Sparing top officials
Steps needed to prevent recurrences of disasters
The police wrapped up their investigation into the deadly crowd crush in Itaewon, referring over 20 low-level officials to the prosecution.
However, it spared three high-ranking officials whom many people believe were responsible for the man-made disaster. The bereaved families of the 159 victims, who were mostly young revelers, also said the probe "cut off the lizard's tail to spare the head."
However, few Koreans appear surprised by the results.
Since the tragedy, which occurred in late October, the government and the ruling party have only been interested in containing the political fallout, trying to protect the Seoul mayor, the minister of the interior and safety and the country's police chief.
In a month-long parliamentary hearing, these officials also showed a total lack of willingness to take responsibility, saying they did not know or remember their critical missions or details. They even overreacted to questioning by lawmakers. Minister of the Interior and Safety Lee Sang-min asked, "Do you think I was idling away the time?" Yoon Hee-keun, the National Police Agency Commissioner, said, "I can drink on weekend nights. Do I have to make that public?"
These officials were encouraged by their boss. From the start, President Yoon Suk Yeol tried to play down this tragedy. Yoon has yet to issue a presidential statement of apology to the nation. He reportedly told officials to use the word "accident" instead of "disaster." The president said, "They must hold the 'right' people accountable."
It was a de facto instruction for police investigators who had to investigate their superiors in the "self-probe." In this way, the radius of responsibility was bound to narrow sharply ― to 23 lower-level officials with the Yongsan District head or district police station chief at the top. However, as German-American philosopher Hannah Arendt said in her book, "Eichmann in Jerusalem," the degree of responsibility may actually increase the farther the decision makers are away from the people who use lethal tools with their own hands.
Replace the term, "responsibility," with "responsibility by omission," and one finds the connection to the Itaewon tragedy. Yoon has virtually made it clear that he would not dismiss ― at least for the time being ― Minister Lee, who went to the same high school and university as he did.
This situation will only increase the political repercussions in the long term. Yoon must sack his safety minister and national police chief, who inflicted "secondary harm" on families by pointing to some of the victims' problems, as well as by deflecting responsibility.
An increasing number of Koreans find it difficult to understand their leader's inaction.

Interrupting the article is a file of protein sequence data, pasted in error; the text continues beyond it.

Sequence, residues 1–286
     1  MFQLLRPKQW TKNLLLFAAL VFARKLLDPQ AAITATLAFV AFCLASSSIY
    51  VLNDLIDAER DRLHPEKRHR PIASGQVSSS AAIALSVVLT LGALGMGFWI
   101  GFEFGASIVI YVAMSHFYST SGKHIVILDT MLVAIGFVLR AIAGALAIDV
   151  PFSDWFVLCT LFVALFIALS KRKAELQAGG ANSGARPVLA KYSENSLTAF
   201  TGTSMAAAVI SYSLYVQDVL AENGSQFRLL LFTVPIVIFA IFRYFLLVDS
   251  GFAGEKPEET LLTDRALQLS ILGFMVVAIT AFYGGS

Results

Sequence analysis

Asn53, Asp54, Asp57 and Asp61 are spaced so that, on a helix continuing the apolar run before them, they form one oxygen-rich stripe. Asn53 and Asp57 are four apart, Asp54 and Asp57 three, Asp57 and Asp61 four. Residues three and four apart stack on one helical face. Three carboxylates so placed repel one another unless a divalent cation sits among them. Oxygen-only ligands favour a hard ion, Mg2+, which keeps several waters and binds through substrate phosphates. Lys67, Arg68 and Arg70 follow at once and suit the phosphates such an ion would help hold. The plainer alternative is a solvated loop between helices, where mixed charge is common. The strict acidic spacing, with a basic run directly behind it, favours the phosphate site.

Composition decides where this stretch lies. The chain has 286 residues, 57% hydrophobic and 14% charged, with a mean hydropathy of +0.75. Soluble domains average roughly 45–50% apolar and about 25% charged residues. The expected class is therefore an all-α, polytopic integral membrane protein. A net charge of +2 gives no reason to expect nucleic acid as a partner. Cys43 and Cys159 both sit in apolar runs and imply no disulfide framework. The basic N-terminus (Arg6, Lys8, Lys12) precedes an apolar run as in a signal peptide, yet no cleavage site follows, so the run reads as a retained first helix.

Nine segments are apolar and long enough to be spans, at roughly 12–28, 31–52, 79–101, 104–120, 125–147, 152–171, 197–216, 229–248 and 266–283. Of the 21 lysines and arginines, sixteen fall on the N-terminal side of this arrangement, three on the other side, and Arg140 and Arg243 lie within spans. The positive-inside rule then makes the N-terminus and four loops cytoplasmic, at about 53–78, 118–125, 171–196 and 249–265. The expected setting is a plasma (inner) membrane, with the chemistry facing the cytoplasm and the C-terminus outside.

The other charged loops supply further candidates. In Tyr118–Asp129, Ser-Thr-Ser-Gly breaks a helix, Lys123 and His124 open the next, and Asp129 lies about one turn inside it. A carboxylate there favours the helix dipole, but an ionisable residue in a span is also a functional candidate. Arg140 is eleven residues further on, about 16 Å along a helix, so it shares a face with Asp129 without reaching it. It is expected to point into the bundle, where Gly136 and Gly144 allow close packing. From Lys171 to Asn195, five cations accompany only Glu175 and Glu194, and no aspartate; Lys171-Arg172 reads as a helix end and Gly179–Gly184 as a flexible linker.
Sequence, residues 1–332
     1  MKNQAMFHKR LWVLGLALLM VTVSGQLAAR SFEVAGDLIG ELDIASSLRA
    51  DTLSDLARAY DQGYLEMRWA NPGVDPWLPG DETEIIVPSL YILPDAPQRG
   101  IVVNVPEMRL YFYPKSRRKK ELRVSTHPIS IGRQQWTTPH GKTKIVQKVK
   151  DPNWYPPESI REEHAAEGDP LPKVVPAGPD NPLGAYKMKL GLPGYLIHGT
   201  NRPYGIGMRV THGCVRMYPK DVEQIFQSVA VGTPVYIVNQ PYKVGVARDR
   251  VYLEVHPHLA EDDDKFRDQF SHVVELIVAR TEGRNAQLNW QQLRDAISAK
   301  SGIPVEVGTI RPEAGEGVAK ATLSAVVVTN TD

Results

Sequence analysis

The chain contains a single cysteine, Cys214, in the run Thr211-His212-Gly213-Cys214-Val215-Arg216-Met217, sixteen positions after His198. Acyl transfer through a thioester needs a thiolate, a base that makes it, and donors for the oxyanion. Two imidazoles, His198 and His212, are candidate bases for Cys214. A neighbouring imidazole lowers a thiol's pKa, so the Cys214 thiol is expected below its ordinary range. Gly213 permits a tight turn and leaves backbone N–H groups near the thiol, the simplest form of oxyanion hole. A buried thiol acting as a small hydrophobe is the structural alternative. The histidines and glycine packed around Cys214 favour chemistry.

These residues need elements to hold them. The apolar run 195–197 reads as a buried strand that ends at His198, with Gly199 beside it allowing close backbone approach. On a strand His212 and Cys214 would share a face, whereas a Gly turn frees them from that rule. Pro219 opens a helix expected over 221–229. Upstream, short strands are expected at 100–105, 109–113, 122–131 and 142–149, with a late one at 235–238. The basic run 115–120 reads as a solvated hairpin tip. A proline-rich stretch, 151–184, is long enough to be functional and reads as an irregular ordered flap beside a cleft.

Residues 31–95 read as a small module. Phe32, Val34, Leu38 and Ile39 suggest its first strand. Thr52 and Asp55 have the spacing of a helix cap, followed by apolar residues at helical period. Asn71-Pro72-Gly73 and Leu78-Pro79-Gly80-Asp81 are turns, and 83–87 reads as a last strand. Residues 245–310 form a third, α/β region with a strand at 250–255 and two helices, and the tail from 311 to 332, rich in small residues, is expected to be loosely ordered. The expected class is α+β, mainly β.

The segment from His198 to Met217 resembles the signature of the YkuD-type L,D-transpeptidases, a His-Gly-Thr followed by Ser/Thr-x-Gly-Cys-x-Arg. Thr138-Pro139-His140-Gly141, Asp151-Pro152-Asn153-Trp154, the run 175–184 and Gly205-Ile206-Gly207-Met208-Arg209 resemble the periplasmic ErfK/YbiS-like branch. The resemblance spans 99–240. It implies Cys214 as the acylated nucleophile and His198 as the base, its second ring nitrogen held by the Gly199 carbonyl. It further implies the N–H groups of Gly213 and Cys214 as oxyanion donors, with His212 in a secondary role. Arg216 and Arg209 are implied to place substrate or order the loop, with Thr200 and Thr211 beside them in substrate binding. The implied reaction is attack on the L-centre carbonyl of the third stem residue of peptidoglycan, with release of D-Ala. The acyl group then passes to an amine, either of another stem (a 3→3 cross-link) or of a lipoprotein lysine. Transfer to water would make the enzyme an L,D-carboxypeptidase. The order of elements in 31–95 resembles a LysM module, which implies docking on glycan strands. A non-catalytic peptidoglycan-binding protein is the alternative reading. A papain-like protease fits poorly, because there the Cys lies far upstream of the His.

Yoon's inaction might reflect his loyalty to his subordinates or the political calculation that any concession to his opponents might weaken the presidency. Or the president might think of the disaster as just an "accident by young pleasure-seekers in a foreign festival," as some on the extreme right say. The same people also played down the Sewol ferry tragedy eight years ago as a "traffic accident." Unlike former President Park Geun-hye, Yoon did the least he could, visiting altars for days and consoling bereaved family members.
Any government, or any country for that matter, cannot be considered as being advanced if it makes light of people's lives or appears to do that. Most Koreans felt ashamed when the foreign media described the disaster as "preventable" (had this nation given more value to human lives). The international press criticized the "blame-shifting" officials. Some pointed out that most of the police officers at the time were not near the crowd but rather surrounding the neighboring presidential office to "prevent anti-Yoon protests."
Right-wing groups stress the importance of upholding the nation's reputation or dignity, accusing those on the left of turning a "tragedy into political strife." However, what can hurt the nation's reputation more than the president protecting the officials responsible for a preventable disaster? How can they equate the appeals of the bereaved families for these officials to apologize, take responsibility and face punishment as "partisan bickering?"
On the eighth anniversary of the Sewol ferry disaster last year, Yoon, who was president-elect at the time, wrote on his Facebook page, "I believe making Korea safer is the sincerest way to express condolences to the victims."
The first thing Yoon should do to this end is to sack the responsible officials and order a reinvestigation.
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